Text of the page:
With some VoIP applications, you can make Internet calls for free. The most popular free VoIP provider is Skype, but Google's Voice Calls from Gmail feature is challenging Skype's supremacy. Both have limitations and drawbacks -- for example, Skype ties for the worst call quality of any phone provider in one major survey. We also found some complaints about Google's call quality, but they do have the decided advantage of being free, at least for some types of calls.
With Skype, you can make free voice, video computer-to-computer calls and conference calls (or mobile-to-mobile calls) to anyone, anywhere in the world -- as long as the person you're calling has also downloaded the free Skype application onto their computer or mobile phone. For calls to or from a non-Skype phone, you'll have to pay. Unlimited calls to landlines and non-Skype mobile phones in the U.S. and Canada cost $3 per month. For unlimited calls to landlines in 40 countries, it's $14 per month (calls to international mobile phones cost extra). Or, you can avoid monthly charges by buying prepaid minutes, starting around 2 cents per minute. If you want to be able to receive calls from landline and mobile phones, Skype will assign you a special phone number at a cost of $18 for three months or $60 for a year.
Experts warn that applications like Skype can't make emergency 911 calls, so you still need a landline or cell phone. You'll also need a computer headset, microphone and speakers or a smartphone or other mobile device to make and receive calls. Skype-compatible phones were once plentiful, but have been gradually phased out.
Skype has a big fan club among reviewers. Most reviews say Skype's call quality is usually good when calling from one PC to another, but quality on calls to landline phones can vary greatly. Skype isn't designed to replace your regular phone, but reviews say it's still the best way to place free international calls.
If you don't call internationally, reviews say Google's free Voice Calls from Gmail feature is worth a try. Unlike Skype, Gmail's free calls are limited to U.S. and Canada numbers -- but that includes all landline and mobile phones (Skype calls are free only to Skype-equipped mobile phones and computers). International rates range from 2 cents per minute to the U.K. to nearly $1 per minute to Cuba. Google has announced that Gmail Calling will remain free throughout 2012, though they make no promises regarding what will happen after that.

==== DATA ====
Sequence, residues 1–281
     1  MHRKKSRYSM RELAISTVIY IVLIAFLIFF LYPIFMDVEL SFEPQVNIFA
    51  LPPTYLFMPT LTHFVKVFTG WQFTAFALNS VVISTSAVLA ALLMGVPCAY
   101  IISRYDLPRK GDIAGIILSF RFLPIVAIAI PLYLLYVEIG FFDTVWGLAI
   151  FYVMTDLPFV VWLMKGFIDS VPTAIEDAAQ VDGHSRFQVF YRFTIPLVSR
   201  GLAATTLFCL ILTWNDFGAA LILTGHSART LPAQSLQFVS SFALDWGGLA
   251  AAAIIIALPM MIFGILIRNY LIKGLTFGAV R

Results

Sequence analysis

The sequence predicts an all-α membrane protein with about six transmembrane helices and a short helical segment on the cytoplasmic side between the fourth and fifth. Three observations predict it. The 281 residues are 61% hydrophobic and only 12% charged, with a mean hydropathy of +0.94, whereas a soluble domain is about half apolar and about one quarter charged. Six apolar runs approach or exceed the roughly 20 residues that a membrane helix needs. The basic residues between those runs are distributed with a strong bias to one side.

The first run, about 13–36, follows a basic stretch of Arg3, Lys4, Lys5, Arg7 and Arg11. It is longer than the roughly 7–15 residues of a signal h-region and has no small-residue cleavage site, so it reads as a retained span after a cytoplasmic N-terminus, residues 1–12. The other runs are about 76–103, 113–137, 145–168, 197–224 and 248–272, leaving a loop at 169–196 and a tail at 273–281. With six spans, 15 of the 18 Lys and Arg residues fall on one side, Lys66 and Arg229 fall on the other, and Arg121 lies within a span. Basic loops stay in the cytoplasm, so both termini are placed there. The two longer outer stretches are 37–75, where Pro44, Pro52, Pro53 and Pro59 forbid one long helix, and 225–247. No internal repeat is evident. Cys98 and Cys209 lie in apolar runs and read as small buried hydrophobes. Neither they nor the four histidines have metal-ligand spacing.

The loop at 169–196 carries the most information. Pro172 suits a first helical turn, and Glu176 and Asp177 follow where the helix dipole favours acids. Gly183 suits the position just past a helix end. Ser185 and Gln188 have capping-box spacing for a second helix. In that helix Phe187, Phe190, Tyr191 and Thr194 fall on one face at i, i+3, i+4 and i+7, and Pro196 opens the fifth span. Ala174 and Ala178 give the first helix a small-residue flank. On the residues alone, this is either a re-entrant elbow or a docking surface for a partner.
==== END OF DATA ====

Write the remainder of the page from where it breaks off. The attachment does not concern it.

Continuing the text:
Google Voice, Google's online phone service, has been around for a while, but it wasn't until Google integrated free calls into Gmail in August 2010 (after buying former Skype competitor Gizmo) that experts started wondering whether it could kill Skype. For now, you can only place free calls from Gmail on your computer -- not from Gmail on your smartphone. There is a separate Google Voice app for smartphones, but it isn't VoIP; it sends calls over your carrier's voice network, not over the Internet. As for incoming calls, you can get those on your Google Voice number, but some users report that they have been unable to get a Google Voice number with a local area code and prefix -- a deal-killer for those who don't want their local callers to incur long-distance charges.
Although reviewers at The New York Times and Laptop Magazine get nice, clear connections, CNET reports some garbling and buzzing with Gmail calls. CNET says a Skype connection is clearer and more reliable than a Gmail call -- which isn't saying much, as Skype gets poor marks for both clarity and reliability in one major consumer survey. Gmail calls are integrated with your Gmail contacts for easy click-to-call functionality, and they enjoy the same perks as all Google Voice calls -- notably, you can use one Google Voice number to ring all of your phones (and now your computer) and receive transcriptions of your voice mails by text or email, though reports say that the transcription often garbles or skips words.
Privacy is a concern in several user comments we saw about Gmail calls. These users suspect that Google will listen to their calls to glean information for advertisers, just as Google computers scan Gmail messages to figure out what kind of ads to send the user. Google dispels this notion in an article in The Washington Post. "Google absolutely does not record or listen in on phone conversations," a company spokesperson says.